Carlos Polanco '21 named National Youth of the Year

by Levi Roussell | 10/13/17 2:05am


Carlos Polanco '21 was named National Youth of the Year by the Boys and Girls Clubs, out of six finalists.

Carlos Polanco ’21, known by some at Dartmouth as one of the students who wrote a letter to University of Virginia’s Class of 2021 following the Charlottesville protests, was named National Youth of the Year by the Boys and Girls Clubs of America on Sept. 26.

The Boys and Girls Clubs of America, which has chapters in various cities throughout the U.S., provides a variety of after school programs for America’s youth. To select the recipient of the award, a panel of judges assesses applicants on a variety of criteria, including involvement in their club and the surrounding community, according to Paula Benjamin, the program director of the Boys and Girls Club in Clifton, New Jersey, where Polanco lives. Another factor of assessment is public speaking, particularly in articulating their personal background and their academic performance, she said.

According to the Boys and Girls Clubs’ website, thousands of youth participate in Youth of the Year events at the local, state and regional level. Through these competitions, six youth — five regional winners and one national military youth winner — are selected to advance to the National Youth of the Year Gala and Celebration Dinner in Washington, D.C. Of these six candidates, one is selected as the National Youth of the Year.

Through this award, Polanco will act as the voice for the four million youth who participate in these clubs for the next year, according to Robert Foster, the executive director of Boys and Girls Club in Clifton.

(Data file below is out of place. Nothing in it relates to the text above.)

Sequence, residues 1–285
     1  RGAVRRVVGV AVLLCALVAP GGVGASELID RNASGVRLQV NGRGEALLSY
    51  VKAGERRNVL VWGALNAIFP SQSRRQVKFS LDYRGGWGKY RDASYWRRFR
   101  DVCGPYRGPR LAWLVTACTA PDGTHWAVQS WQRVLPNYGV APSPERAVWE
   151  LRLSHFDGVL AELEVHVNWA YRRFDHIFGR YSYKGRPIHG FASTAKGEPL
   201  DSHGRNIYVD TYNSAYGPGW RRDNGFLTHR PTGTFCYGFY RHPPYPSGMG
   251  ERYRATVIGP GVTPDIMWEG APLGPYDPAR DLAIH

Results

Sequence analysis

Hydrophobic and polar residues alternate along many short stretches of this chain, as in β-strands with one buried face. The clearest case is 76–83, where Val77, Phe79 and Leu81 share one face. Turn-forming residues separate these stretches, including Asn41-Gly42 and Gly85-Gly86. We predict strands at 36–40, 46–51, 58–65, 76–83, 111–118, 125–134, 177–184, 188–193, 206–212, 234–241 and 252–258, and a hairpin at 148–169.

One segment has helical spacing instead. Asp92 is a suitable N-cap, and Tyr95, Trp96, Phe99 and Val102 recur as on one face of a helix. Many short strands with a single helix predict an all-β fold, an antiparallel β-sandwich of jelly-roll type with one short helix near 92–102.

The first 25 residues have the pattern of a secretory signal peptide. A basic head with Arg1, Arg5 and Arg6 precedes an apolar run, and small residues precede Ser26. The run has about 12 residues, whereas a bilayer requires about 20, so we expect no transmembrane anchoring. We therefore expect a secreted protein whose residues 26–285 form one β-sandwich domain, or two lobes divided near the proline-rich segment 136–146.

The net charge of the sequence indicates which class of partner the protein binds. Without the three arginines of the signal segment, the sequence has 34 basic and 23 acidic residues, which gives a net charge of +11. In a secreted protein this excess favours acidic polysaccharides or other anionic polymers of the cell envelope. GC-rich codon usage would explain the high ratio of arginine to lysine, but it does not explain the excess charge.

“I never expected to represent four million kids and to be that voice.” Polanco said. “I realized what can come to you when you reach out to people.”

Polanco has been a part of the Boys and Girls Club in Clifton since he was 12 years old and remained involved through his high school years. Foster called his path to winning this award a “success story” and commended Polanco’s determination.

“[Polanco] took advantage of every opportunity to pursue his dream,” Foster said.

Polanco described the meaningful impact that the club has had on him.

“[The members of the club] genuinely care for me, and [they] will always be there,” Polanco said in a video statement after becoming a regional Youth of the Year winner. “This journey showed me that no matter how far I think I can go, I can go further.”

Through this award, Polanco has met New Jersey Sen. Cory Booker and Sen. Bob Menendez, he said. He also had the opportunity to design his own custom Toyota Corolla, which he did on Monday, he said. In two weeks, he will throw the first pitch at the World Series game.

Polanco will also receive a total of $145,000 in scholarships, including $45,000 in scholarship money he received as a regional finalist and an additional $25,000 after receiving the Youth of the Year award, which he can renew for the next three years, accumulating to a total of $100,000. He also received a free trip to Disney World, which he will use this year with his family.

In the upcoming year, Polanco will travel at least three times per term to connect with chief executive officers, leaders of the nation and legislators to work on issues today’s youth face, he said.

By winning this award, Polanco will be working to shape the very programs he once participated in. He already has ideas on how to voice the concerns of today’s youth, such as expanding the meal programs that Boys and Girls Clubs provide, from two meals per day to three, and bolstering the current mentorship program that the club facilitates.

Associate director of the Boys and Girls Club in Clifton Greg Reinholt noted that Polanco’s concern extends beyond just the youth involved in the Boys and Girls Clubs.

“Oftentimes we see ourselves as the entire world, and [Polanco] has helped us advocate for youth outside of our walls,” Reinholt said.

On campus, Polanco is a member of the First-Year Student Enrichment Program, which provides mentoring for first-generation first-year students.

FYSEP director Jay Davis ’90 noted that Polanco’s belief in others is contagious.

“It was clear from the moment I met [Polanco] that he has a remarkable life force, ability to connect with others [and] passion for social justice issues,” Davis said. “There’s no question that he will make a dramatic impact, particularly in helping people connect across differences towards improving the world they live in.”

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